Taking Another Look at Health Savings Accounts

Barbara Weltman

Favorable tax law changes for health savings accounts, combined with ever-rising premiums for traditional medical coverage, make HSAs worthy of consideration now. One research database predicts that HSAs are poised for aggressive growth and that 30 million people will be covered by HSAs by 2009. Will they work in your company?

Health Savings Accounts (HSAs) are a way for small businesses to provide affordable health coverage for their staff. They combine high-deductible health plans, or HDHPs (which are substantially less costly than traditional coverage), with IRA-like savings accounts. Contributions are tax deductible, earnings are tax deferred, and withdrawals to pay medical costs are tax free; unused amounts continue to grow from year to year. Some dramatic changes in the rules for HSAs make them more attractive than in the past and, according to Mintel, new plans could explode in the coming years.

Higher contributions
The Tax Relief and Health Care Act of 2006, which was enacted in December 2006, created key changes for HSAs, one of which was to move up the date that contribution limits for the following year must be announced. Here are key changes:


  • Contributions can be made up to a fixed amount--in 2007, $2,850 for self-only coverage; $5,650 for family coverage, with an additional "catch-up" contribution of $800 for those age 55 or older by the end of the year; in 2008, $2,900 for self-only coverage; $5,800 for family coverage, and a $900 catch-up contribution. (Limits are adjusted annually for inflation and are announced June 1 each year.) In the past, contributions could not exceed the amount of the deductible under the HDHP.
  • Contributions need not be prorated for part-year participation in the HSA, as long as the HDHP is maintained for a minimum of 12 months.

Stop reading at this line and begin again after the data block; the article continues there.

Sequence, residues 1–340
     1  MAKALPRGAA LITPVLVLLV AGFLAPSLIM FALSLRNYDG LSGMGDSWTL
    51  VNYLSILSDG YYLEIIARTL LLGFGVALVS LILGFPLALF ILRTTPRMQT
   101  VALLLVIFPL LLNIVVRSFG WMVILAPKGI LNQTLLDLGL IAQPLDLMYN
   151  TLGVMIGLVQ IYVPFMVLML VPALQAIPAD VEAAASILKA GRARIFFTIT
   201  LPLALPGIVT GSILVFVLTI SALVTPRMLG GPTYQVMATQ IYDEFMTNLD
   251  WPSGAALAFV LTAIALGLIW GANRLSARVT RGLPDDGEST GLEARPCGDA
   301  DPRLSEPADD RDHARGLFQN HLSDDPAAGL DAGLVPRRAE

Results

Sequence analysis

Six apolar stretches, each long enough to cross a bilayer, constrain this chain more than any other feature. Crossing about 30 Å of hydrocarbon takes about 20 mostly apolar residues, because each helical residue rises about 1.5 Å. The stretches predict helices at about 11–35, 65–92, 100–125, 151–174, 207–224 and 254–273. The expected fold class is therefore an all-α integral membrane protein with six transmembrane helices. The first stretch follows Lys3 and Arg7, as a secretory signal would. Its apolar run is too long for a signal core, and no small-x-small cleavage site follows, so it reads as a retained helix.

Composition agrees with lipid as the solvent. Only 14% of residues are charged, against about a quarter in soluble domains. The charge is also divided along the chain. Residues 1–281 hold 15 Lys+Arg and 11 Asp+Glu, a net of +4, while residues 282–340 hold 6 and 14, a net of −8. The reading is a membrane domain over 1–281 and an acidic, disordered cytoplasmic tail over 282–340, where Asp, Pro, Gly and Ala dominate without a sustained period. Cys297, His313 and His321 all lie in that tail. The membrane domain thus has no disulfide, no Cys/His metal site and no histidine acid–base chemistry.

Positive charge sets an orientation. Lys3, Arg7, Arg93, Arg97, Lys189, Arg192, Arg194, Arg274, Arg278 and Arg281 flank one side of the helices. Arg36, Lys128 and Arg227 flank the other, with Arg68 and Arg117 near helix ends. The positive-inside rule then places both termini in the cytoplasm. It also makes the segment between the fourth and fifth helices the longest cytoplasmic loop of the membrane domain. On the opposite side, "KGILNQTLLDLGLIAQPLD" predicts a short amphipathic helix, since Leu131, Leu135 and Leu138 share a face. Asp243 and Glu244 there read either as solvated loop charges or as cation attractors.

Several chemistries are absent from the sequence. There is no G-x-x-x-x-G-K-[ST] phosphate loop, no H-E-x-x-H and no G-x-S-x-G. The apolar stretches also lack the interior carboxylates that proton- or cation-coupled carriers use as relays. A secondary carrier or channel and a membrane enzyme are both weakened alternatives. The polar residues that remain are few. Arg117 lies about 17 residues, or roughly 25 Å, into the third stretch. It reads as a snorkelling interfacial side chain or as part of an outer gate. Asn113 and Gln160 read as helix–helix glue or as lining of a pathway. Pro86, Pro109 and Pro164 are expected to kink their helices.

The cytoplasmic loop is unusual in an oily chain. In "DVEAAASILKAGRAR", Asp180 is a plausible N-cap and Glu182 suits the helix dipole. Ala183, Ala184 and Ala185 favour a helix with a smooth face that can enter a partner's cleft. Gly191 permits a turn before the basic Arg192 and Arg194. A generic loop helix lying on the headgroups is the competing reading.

• IRA funds can be moved to an HSA tax free (within strict limits). IRA distributions to pay medical costs are taxable, while disbursements from an HSA for this purpose are tax free.
  • Funds in flexible spending accounts (FSAs) and health reimbursement accounts (HRAs) can be rolled over tax free to HSAs (through January 1, 2012). Maximum transfer: The lesser of the account balance at the time of transfer or on September 12, 2006. Caution: The HDHP must be maintained for at least 12 months following the rollover or the funds become taxable as ordinary income and subject to a 10% penalty.

    Note: While the contribution limits for 2008 will rise, the minimum deductible for HDHPs will remain constant at $1,100 for self-only coverage, or $2,200 for family coverage. This means that allowable contributions are now nearly triple the amount of the deductible, providing more funds to pay other out-of-pocket medical costs on a tax-advantaged basis.

    Acceleration of contributions
    Contributions to the HSA can be made by the employer, employee, or a combination of both--the party making the contribution gets the deduction. Typically, contributions are stepped in throughout the year. Contributions can be made as late as the due date of the return, without regard to extensions: April 15, 2008, for 2007 contributions.

    The IRS has proposed to allow employers to accelerate all of part of contributions for the year on behalf of employees who have incurred medical expenses in excess of the accumulated contributions to date. This will help employees meet unexpected medical costs.

    To incorporate this acceleration provision within a company's HSA, the option must be available on an equal and uniform basis to all eligible employees throughout the year. The employer must set up reasonable uniform methods and requirements for acceleration of contributions and the determination of medical expenses that would warrant acceleration.

Barbara Weltman, author of several books including her most recent, 1001 Deductions & Tax Breaks 2009
Copyright 2007. All Rights Reserved.

Print page